City buses 41 (to Lower Abbey Street), 16 (to Ballinteer) and 102 (to Sutton Station) are the cheapest options but relatively slow. Tickets can be bought from the driver (for about € 3). These buses operate from 5h till 23:30h. Visit the official website for more info.
Taxis can be found outside the Terminals 1 and 2. The price of a ride from Dublin Airport to the city centre is around € 30. You can also use an app like Uber.
Have a look at the official website for more information about Dublin Airport and the various ways of getting there.
St Patrick's Day is the national Irish holiday. The date is unchanged, March 17, the day of the death of St Patrick, who baptized Ireland. Through a centuries-old history, the holiday has acquired many meanings and traditions, among which the famous shamrock, green clothes, cèilidh (traditional group dances in Ireland), leprechauns (an Irish folklore character, wizard) and beer. St Patrick's Day is celebrated in many countries making the world green for a day. On the streets there are people dressed in costumes, parades and also small orchestras with the famous bagpipes. Learn more about St Patrick's Day in Dublin on the official website of the festival.
City Spectacular is a free outdoor summer festival with street artist performances and food stalls around Merrion Square. The festival with participants from all over the world, usually takes place near the beginning of July. Find out more about the program on the official webpage.
This music festival is held in a weekend, usually in the middle of July. It is one of the biggest music festivals in Europe and takes place in Marlay Park. The festival line-up consists of hip-hop, R&B and dance music artists. Learn more and book your tickets on the official webpage.
The Dublin Marathon takes place on the last Sunday of October and brings almost 20,000 athletes to Dublin every year. Be aware of road closures and changes in public transport routes during the weekend of the event. Learn more (or subscribe!) on the official website.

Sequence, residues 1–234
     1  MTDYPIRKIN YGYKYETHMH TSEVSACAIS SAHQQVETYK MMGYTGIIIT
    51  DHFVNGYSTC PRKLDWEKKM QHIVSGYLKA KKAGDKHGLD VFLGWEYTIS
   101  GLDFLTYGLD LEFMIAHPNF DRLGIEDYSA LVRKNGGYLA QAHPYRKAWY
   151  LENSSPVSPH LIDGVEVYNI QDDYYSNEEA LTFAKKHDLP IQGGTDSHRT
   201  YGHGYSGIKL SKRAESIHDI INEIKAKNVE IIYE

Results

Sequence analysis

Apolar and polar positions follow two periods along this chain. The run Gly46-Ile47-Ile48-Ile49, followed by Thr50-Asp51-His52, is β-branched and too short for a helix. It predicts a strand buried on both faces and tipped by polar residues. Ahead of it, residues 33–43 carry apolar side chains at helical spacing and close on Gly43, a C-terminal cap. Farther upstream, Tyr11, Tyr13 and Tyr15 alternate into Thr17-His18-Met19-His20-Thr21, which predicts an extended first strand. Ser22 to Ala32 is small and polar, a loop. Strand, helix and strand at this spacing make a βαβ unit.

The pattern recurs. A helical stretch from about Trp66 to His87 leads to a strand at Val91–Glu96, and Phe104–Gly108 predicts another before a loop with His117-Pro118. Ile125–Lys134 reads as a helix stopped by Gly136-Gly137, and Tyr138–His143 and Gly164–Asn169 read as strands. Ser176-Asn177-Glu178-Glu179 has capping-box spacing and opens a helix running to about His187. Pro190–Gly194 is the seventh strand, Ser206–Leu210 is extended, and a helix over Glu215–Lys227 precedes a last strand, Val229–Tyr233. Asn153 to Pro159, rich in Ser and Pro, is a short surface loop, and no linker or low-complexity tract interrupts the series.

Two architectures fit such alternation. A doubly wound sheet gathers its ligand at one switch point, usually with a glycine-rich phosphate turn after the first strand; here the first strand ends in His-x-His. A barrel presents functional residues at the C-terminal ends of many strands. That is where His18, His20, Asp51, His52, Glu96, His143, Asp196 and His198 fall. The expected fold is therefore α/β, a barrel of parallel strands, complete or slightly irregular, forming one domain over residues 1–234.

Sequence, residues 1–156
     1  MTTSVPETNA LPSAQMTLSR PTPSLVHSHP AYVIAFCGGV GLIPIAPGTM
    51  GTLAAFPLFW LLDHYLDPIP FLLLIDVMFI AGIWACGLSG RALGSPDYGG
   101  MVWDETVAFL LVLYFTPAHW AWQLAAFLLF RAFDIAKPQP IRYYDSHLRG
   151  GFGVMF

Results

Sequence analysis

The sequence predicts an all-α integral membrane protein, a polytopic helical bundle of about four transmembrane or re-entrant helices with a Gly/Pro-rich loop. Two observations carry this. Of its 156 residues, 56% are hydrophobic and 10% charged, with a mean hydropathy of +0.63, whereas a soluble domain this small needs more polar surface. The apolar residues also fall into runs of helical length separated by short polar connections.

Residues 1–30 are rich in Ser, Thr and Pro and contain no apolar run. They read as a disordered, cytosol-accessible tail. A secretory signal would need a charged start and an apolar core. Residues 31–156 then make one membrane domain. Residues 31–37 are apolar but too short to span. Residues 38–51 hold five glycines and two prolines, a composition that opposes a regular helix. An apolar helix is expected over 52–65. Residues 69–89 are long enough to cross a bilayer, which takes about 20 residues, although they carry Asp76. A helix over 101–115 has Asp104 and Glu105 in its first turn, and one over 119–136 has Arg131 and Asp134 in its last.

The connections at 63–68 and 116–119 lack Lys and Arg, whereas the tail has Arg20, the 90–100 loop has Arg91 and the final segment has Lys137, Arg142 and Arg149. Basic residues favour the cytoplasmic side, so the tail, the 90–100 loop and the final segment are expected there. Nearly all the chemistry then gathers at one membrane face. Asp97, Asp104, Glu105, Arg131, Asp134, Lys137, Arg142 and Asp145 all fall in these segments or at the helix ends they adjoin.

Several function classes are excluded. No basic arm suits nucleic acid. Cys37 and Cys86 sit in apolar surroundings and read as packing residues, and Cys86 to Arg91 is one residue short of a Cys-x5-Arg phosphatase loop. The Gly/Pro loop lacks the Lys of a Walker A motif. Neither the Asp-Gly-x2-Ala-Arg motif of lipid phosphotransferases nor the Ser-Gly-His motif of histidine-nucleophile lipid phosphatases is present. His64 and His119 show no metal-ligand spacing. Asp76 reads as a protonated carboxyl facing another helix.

An ancient Celtic holiday is celebrated on the night of October 31 to November 1. Across the different festivals in the city, visitors are entertained by street dancers, drummers, crazy dances and all this ends with colourful fireworks. But beware, at the end of the festive part of the holiday all the evil spirits scatter around the pubs. Until the death of the night, you can watch witches, ghosts and vampires scurrying down the streets of Dublin.
DublinBikes offers bicycle rental in Dublin, with docking points for at least 15 bicycles all across the city. You can purchase an annual card or a ticket for 3 days. An annual card costs only € 25, a 3-day ticket is € 5. Payment is possible via credit card. The first 30 minutes of bicycle rental are free of charge, after that you will pay according to the time of usage. Use their map to see where you can purchase your card. On the road, don't forget to keep left!
DoDublin offers a number of tours through Dublin, including a hop-on hop-off bus tour. Boarding one of the green buses is ideal for getting a quick idea of the city. Learn more on their official website.
If you are looking for more information on hip food venues and current events in Dublin, check out LovinDublin.
If you are a pathfinder, or just a fan of hiking, we suggest you to have a look at the official website of Sport Ireland. There you can browse through plenty of cool hiking routes all across Ireland – specifying location, maximum duration and difficulty.
Ready to make your life easier, the tourist information centers of Dublin will provide you with the most interesting information and will help you to get where you need. See their official website to learn more.